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How to effectively bring science to marketing

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Brands are adopting a 'test and learn' approach to marketing strategy. Recent IPA Effectiveness Awards papers show how it can be done -- without compromising on creativity.

The most effective advertising has always been a blend of art and science. However, with the proliferation of channels and technologies, it is potentially more difficult to gain cut-through for the art in advertising, and more intellectually challenging to deal with the science.

While the meaning of "art" is often a subject for debate, the dictionary defines science as: "The intellectual and practical activity encompassing the systematic study of the structure and behavior of the physical and natural world through observation and experiment."

With this definition in mind, taking a scientific approach to marketing would involve making greater use of "systematic study" and "observation and experiment" to develop communications strategy and execution and to build experiments and feedback loops into everything a brand does.

But where can we learn about how brands have effectively applied science’s "test and learn" mindset in practice?

Winning papers from the most recent IPA Effectiveness Awards provide several pointers. They demonstrate how to benefit from a more scientific approach to marketing and communications, without undermining the transformative potential of great insight or creativity.

Test and learn is a philosophy not a campaign idea
Sir Clive Woodward, the coach of England’s 2003 Rugby Union World Cup-winning team, famously said his team’s victory was "not about doing one thing 100 percent better, but about doing 100 things 1 percent better."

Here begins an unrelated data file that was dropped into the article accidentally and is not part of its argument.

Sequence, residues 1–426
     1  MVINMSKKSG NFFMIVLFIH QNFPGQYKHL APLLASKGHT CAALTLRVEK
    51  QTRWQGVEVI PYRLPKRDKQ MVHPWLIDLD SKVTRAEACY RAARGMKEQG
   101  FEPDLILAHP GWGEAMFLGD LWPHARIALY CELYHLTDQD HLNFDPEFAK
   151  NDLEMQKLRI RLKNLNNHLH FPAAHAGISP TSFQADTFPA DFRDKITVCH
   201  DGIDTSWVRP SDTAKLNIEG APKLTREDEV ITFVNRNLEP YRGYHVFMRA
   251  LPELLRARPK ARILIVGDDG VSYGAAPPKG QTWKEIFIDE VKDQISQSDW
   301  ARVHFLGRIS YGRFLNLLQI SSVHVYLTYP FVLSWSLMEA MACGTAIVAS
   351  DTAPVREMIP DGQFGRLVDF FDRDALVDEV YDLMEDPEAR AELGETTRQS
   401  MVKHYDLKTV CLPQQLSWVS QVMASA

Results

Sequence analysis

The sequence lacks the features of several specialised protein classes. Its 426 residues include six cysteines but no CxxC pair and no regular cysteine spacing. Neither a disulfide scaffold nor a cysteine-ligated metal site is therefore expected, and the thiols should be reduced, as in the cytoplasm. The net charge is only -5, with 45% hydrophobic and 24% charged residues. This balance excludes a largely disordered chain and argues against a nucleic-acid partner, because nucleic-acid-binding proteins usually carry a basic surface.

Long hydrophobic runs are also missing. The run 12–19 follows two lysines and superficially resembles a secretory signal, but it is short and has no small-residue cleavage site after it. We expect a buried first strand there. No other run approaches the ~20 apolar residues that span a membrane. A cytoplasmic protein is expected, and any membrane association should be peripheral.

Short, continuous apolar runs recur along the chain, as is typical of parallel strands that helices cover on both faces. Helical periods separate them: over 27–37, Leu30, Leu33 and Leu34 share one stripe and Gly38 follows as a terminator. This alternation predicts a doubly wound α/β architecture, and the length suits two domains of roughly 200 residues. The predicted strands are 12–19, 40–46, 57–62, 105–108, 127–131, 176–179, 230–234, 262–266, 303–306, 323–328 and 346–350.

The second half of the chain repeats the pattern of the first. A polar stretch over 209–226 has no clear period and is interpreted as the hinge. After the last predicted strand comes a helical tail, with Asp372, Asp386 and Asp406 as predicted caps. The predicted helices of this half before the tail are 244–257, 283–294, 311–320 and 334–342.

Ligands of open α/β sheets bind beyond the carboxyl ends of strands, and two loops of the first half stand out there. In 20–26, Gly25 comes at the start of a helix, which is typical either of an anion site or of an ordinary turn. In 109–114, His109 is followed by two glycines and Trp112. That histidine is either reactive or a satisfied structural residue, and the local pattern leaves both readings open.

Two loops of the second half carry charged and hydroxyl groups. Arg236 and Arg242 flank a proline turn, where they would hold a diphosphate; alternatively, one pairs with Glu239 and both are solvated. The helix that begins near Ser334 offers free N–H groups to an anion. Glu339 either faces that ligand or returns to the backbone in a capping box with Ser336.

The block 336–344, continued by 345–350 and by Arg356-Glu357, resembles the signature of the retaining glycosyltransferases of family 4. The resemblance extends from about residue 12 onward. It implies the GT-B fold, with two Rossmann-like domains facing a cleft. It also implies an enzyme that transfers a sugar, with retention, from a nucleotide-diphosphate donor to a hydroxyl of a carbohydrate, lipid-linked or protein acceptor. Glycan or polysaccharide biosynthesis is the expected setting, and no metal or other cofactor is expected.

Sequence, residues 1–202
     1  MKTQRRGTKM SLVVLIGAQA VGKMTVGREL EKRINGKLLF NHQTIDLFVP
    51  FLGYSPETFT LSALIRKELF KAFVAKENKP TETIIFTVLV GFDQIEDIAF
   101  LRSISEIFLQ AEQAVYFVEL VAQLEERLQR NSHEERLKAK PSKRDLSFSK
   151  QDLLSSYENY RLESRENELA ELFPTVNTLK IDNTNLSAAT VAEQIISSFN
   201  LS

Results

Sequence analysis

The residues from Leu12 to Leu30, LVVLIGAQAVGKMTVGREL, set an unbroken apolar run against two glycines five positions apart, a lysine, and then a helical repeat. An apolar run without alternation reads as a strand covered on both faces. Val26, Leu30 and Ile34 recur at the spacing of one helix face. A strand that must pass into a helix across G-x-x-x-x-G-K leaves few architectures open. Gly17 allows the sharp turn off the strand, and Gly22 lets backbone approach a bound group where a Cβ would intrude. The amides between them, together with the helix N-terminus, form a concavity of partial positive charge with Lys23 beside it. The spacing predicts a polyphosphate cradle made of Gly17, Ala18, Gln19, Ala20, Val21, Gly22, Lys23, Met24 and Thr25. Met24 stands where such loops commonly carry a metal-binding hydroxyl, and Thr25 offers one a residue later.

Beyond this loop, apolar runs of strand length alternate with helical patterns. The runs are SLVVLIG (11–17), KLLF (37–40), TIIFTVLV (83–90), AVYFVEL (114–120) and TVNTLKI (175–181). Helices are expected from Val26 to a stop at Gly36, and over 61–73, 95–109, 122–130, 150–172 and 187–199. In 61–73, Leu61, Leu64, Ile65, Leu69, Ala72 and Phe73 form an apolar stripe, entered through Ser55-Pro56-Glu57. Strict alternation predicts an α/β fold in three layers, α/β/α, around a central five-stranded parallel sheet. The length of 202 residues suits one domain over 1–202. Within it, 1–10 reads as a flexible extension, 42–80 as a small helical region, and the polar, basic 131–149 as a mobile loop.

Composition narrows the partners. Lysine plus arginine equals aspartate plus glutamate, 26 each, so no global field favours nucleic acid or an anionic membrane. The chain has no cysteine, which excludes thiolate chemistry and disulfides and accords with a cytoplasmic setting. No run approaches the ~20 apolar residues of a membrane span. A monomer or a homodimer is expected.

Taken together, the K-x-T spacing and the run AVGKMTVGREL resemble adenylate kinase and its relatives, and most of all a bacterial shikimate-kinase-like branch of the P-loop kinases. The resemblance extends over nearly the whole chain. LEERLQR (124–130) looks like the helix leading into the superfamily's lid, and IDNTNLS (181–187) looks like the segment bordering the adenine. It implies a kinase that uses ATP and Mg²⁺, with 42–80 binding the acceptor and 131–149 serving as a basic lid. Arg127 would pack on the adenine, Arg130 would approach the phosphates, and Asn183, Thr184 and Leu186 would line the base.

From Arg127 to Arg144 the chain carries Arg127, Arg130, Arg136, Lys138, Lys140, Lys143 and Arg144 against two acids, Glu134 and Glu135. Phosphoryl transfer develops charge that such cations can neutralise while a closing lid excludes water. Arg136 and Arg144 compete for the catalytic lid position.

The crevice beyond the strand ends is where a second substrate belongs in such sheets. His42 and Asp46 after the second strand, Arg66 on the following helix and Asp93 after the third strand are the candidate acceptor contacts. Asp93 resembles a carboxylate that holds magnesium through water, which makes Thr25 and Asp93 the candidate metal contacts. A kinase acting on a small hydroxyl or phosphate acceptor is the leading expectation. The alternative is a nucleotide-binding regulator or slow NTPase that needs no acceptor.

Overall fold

Both Sir Clive—and Sir Dave Brailsford, his equivalent in the world-beating British cycling team—have been influential proponents of the view that outstanding performance is often the product of striving for systematic, marginal gains rather than large uplifts. They argue that to be effective such an approach needs to be part of an organization’s DNA, with enough time provided for gains to accumulate and yield their full benefits.

This holds true in marketing. There is no point in applying the marginal-gains approach to one campaign or channel. It needs to be a holistic, long-term endeavor to enable learning and optimize the approach across all a brand’s marketing activities.

For example, Plusnet, the Yorkshire-based broadband provider, focused on testing and learning to drive its business growth over five years. As the brand’s 2016 IPA Effectiveness Award-winning case study sets out, Plusnet adopted a suite of measurement techniques to modify its tonality, messaging and media mix over an extended period. The strategy enabled Plusnet to alter subtly the communication of its Yorkshire values to emphasize it was a national brand, not a regional one, and maintain its growth momentum in a dynamic and highly competitive market.

Make sure the business tests and measures the right things
Too much optimization is focused on intermediate metrics or looks only at a few channels in the mix, or short-term sales results. This is misleading because the display return on investment might look great this month, but the longer-term brand equity and awareness may be suffering as a result of off-brand creative, or diversion of budgets from brand-building into short-term activities.

What is more, it is possible to optimize strongly in the latter stages of the purchase funnel to deliver a very strong return on investment through re-targeting, for instance. However, the total volume of sales or revenue may dip significantly, or a brand may start to compromise the "top of the funnel" that the business relies on for future success.

Successful approaches such as that adopted by Direct Line (see box below) blend long- and short-term objectives, ensuring that these are consistent with long-term brand and business health, while also delivering more immediate sales impact.